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The growing popularity of flat-faced dogs is a disturbing trend


According to researchers, there’s a massive growth of number of people owning medium sized flat nosed dogs like Pug and French Bulldog. These dogs are called brachycephalic dogs – which means their skulls are compressed causing them more potential health problems particularly in breathing. These dogs also have shallow eye sockets which cause to have protruding eyes.


By looking at the number of dogs spanning 180 breeds registered over the past 28 years in Australia, researchers have been able to build up a picture of trends in dog ownership. What they found was a growing trend and popularity for shorter and smaller pedigree dogs with wider and shorter faces.

“Australians are favouring brachycephalic breeds, dogs with shorter and wider heads, such as the Pug and the French bulldog, more than those with longer and thinner heads,” explains Kendy Teng, who co-authored the research published in Canine Genetics and Epidemiology. “Looking at data spanning 28 years, we found that the demand for smaller dogs has increased every year from 1986.”

Pugs, French bulldogs, and other breeds with such wide, flat snouts are what are known as brachycephalic dogs. This simply means that their skull looks like it has been compressed from front to back, and can lead to some severe health problems. The main issue to affect these dogs is difficulty breathing, as despite having shorter airways and narrower nasal slits, the dogs retain all the internal soft tissue making it harder for the animals to draw the air in. This is why the dogs are often heard wheezing and snoring.

The eye sockets of brachycephalic dogs are also shallower, causing their eyes to protrude and making the cornea more exposed. Not only that, but the excessive skin on the dog’s face also forms folds and crevices, giving bacteria and yeast the ideal environment in which to grow. This can ultimately lead to the micro-organisms invading the skin and causing infection and inflammation. Despite being able to treat the dogs with antibiotics and cleaning of the folds, this unfortunately only treats the symptoms, and not the cause.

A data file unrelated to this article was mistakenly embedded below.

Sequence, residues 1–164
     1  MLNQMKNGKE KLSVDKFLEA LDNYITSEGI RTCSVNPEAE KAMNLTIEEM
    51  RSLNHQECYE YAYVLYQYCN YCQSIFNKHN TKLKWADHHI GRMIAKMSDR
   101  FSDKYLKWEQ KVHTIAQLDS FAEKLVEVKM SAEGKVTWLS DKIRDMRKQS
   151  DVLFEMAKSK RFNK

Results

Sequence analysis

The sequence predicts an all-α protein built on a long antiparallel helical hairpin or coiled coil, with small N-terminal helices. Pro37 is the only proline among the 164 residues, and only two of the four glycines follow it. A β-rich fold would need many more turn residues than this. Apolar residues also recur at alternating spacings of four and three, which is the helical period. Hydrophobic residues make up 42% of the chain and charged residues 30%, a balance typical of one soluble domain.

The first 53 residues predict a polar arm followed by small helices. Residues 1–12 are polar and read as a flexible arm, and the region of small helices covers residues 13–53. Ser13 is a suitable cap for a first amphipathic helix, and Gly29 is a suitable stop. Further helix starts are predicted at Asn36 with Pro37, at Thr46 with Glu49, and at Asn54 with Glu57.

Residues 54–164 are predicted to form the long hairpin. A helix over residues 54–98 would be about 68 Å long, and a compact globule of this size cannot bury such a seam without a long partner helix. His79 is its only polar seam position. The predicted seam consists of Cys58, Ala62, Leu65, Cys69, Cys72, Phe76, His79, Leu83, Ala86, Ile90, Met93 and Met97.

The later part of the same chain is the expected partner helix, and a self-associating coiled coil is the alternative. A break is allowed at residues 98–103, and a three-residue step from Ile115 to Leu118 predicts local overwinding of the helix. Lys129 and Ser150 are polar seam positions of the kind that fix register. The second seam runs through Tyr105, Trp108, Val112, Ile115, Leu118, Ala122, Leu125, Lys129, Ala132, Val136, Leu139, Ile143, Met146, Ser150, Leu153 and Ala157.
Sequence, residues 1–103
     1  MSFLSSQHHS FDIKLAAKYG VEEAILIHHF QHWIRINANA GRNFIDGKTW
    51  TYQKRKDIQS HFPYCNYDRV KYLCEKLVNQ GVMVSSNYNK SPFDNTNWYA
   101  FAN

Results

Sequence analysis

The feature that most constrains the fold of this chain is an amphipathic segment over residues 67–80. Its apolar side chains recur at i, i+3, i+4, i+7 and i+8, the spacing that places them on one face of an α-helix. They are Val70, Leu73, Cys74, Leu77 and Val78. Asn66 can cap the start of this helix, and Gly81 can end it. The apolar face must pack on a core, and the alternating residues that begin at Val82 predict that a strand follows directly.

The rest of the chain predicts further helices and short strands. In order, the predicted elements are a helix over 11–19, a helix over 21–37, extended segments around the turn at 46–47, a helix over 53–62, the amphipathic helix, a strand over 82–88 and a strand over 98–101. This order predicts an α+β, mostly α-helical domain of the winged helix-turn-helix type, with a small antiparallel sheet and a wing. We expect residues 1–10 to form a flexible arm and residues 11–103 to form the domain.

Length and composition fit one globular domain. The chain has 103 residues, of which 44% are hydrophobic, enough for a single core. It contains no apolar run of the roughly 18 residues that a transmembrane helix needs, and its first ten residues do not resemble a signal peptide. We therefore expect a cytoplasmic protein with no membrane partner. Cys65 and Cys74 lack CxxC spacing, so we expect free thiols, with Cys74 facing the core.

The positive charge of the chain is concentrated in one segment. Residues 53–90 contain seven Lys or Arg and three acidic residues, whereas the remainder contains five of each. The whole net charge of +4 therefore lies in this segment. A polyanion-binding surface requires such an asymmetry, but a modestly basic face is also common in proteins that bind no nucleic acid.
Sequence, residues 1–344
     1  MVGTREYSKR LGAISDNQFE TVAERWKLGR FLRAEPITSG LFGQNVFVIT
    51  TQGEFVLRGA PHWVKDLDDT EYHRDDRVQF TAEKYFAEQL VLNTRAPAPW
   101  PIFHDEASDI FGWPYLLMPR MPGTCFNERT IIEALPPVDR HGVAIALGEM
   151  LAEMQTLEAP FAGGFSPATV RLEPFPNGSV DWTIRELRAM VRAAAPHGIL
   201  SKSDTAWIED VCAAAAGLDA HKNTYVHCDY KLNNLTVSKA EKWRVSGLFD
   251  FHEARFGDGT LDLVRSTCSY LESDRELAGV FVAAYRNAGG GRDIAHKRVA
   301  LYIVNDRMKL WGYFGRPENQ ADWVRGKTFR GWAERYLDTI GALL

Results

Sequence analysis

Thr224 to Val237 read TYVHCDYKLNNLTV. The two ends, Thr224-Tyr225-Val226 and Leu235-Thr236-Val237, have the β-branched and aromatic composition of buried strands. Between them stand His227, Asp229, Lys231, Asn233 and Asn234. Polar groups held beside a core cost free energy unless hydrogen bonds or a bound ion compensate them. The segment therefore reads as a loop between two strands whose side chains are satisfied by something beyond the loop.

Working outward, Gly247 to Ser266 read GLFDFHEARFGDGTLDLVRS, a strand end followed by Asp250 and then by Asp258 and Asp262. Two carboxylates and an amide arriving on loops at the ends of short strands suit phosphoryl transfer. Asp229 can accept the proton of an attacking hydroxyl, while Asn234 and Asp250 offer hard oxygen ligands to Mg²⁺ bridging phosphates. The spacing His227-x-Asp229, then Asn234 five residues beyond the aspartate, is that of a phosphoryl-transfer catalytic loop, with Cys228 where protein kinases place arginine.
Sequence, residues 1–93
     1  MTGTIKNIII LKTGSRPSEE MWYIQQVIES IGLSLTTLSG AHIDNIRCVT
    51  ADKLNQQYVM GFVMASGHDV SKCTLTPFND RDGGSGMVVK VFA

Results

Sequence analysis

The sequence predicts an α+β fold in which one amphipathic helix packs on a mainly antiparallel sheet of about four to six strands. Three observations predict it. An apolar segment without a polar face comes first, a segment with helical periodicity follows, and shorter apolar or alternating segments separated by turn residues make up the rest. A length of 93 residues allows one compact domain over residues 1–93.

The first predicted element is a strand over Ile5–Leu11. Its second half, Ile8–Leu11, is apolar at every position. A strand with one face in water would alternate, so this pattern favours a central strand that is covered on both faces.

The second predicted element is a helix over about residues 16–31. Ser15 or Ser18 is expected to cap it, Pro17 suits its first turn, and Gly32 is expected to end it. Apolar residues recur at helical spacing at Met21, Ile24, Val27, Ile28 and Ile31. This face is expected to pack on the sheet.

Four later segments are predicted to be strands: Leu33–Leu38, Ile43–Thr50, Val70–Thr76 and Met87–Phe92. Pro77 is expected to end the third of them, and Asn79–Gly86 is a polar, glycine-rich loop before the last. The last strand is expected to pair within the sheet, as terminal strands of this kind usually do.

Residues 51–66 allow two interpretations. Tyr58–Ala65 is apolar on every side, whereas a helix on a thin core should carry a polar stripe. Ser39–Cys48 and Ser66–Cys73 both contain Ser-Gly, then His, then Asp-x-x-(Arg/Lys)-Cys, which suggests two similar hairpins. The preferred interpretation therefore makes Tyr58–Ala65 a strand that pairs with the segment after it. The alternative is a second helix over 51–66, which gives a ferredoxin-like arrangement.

“Veterinarians are concerned about brachycephalic dogs’ welfare, as these breeds commonly suffer from breathing difficulties, skin and eye conditions, and digestive disorders,” said Teng. “In New Zealand, brachycephalic breeds are number four of the top five dog breeds considered by veterinarians to be unsuitable for continued breeding due to compromised health and welfare. We expect to see vets in Australia treating more dogs with the conditions described.”

What is driving their popularity is still up for debate. The authors suggest that it could be a number of different reasons, such as city-living people downsizing their homes, or a shift towards more people now keeping dogs as companions rather than as work animals.

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 Should people be warned about adopting a flat-faced dog?  Should there be restrictions on breeding these dogs?  Let us know in the comments below.

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